June 15th just passed, marking the 17th anniversary of a strangely inspiring play. Yes, I’m talking about just one play in a life of countless games.
A left-handed starting pitcher from the University of Michigan, Jim Abbott had a relatively successful first 7 years in the Major Leagues. He compiled a 78-82 record with a 3.77 ERA while finishing 3rd in the AL Cy Young voting in 1991, going 18-11 with a 2.91 ERA in 243 innings.
After playing for the California Angels in his first 4 seasons, Abbott was traded to the New York Yankees after the ‘92 season. On September 4th of 1993, he etched his name in the history books, tossing a no-hitter on the hallowed grounds of Yankee Stadium.
Abbott was coming off his worst outing of the season 5 days earlier when he allowed 7 earned runs on 10 hits in just 3.2 innings against the Cleveland Indians. Amazingly, in true baseball fashion, Cleveland was again the opponent as Abbott held them hitless with the aid of some terrific defense.
Of course, thus far I’ve left out the most astounding part: As I’m sure most of you know, Jim Abbott did all of this playing with one hand. Born with a right arm that ends about where his wrist would be, Abbott only had a stub where his right hand should exist. An inspiration to all who say, “I can’t.”
By deftly sliding his glove onto his left hand after each pitch – and a ton of work perfecting the move – Abbott silenced every doubter from Little League through MLB. His left arm fired bullets and his athleticism made him a strong defender, as he continually proved he had the skill to not only play, but excel.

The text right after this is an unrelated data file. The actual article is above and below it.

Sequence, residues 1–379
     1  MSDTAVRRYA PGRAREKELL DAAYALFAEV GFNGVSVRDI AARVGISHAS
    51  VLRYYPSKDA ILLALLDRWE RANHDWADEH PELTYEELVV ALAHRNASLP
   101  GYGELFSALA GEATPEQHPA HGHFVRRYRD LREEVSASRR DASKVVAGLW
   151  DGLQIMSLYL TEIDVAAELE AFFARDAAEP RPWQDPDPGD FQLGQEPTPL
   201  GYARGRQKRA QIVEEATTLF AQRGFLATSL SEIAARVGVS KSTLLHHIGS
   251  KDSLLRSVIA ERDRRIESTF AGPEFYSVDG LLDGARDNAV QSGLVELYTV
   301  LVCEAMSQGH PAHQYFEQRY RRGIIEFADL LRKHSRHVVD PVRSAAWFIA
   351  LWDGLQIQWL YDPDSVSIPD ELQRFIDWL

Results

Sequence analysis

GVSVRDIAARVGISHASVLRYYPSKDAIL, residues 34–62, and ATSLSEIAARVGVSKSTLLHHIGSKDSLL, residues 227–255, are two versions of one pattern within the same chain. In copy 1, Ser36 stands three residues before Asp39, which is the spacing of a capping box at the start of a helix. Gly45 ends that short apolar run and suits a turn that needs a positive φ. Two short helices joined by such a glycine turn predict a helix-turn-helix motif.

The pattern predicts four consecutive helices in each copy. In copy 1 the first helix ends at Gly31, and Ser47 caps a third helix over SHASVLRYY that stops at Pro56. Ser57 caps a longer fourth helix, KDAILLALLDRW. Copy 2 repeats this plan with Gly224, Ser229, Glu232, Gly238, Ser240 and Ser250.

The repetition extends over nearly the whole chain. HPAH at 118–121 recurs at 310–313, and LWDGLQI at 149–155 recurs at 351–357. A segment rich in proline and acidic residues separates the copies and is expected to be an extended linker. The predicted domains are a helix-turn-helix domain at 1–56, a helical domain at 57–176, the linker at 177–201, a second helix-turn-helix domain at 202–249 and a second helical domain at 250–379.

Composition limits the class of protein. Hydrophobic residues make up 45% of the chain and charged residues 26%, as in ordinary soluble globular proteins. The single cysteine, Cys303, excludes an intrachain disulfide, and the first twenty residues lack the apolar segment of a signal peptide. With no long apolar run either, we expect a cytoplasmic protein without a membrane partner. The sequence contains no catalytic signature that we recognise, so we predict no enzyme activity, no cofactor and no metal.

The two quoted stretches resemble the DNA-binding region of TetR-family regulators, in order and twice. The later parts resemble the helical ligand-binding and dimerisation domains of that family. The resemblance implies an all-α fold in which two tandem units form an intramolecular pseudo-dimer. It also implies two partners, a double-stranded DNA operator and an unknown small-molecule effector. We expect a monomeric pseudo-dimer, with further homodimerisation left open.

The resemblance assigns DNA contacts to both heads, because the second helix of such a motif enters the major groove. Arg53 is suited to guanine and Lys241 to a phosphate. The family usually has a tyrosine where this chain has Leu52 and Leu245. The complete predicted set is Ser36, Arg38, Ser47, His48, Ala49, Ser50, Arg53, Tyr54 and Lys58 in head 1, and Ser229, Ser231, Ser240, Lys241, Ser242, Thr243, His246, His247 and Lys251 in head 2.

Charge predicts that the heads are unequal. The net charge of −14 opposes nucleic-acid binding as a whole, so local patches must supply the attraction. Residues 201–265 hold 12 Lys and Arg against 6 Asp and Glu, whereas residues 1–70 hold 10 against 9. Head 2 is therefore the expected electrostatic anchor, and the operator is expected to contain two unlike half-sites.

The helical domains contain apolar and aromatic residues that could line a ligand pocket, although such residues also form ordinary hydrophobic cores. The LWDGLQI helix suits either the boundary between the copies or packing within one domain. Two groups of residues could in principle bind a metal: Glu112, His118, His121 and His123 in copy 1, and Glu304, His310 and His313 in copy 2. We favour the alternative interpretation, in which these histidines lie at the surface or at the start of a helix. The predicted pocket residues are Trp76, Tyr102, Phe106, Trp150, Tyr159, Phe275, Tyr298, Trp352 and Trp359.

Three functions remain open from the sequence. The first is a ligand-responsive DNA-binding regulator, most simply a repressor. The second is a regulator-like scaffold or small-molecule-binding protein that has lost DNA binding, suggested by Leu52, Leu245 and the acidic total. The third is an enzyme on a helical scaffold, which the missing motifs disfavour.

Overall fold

While his accomplishments in the big leagues were somewhat surprising (after all, these are the best of the best), Abbott had been collecting accolades for years – more than most “two-handed” baseball players.
At the age of 11, Abbott threw a no-hitter in his very first Little League game. In his senior year of high school, he had a ridiculous 0.76 ERA, won 10 games, and struck out more than two hitters per inning.
Abbott beat out Basketball Hall-of-Famer David Robinson as the country’s top amateur athlete, becoming the first baseball player to win the AAU’s Sullivan Award, an award that has been handed out longer than the Heisman.
Abbott then earned baseball’s top amateur honor – the Golden Spikes Award – winning over another future Hall of Famer, Ken Griffey, Jr.
The following year, Abbott won the Big Ten Male Athlete of the Year award – the first baseball player ever to take home that honor. Later in 1988, the southpaw continued to impress by hurling a complete game in the Olympics to give Team USA a 5-3 victory over Japan to win the Gold Medal.
Despite all of these amazing feats, the one thing Abbott had never done was collect a base hit in Major League Baseball – the toughest thing to do in all of sports. He played in the American League from ’91-’96 where the designated hitter stood in his way.
In 1997, MLB started Interleague play where AL teams would play in some NL ballparks, requiring the pitchers to hit. Unfortunately for Abbott, he went 2-18 with a 7.48 ERA the year before and struggled in the spring of ’97, prompting the Angels to release the 29-year-old before Opening Day.
He sat out all of 1997, but fought his way back to the Chicago White Sox in ’98 where he only got 5 starts, all against AL teams in September. However, he did go 5-0 with a 4.55 ERA, which led him to look for another starting gig in 1999.
Cue the 1999 Milwaukee Brewers, who just so happened to switch from the AL Central into the NL Central one year earlier.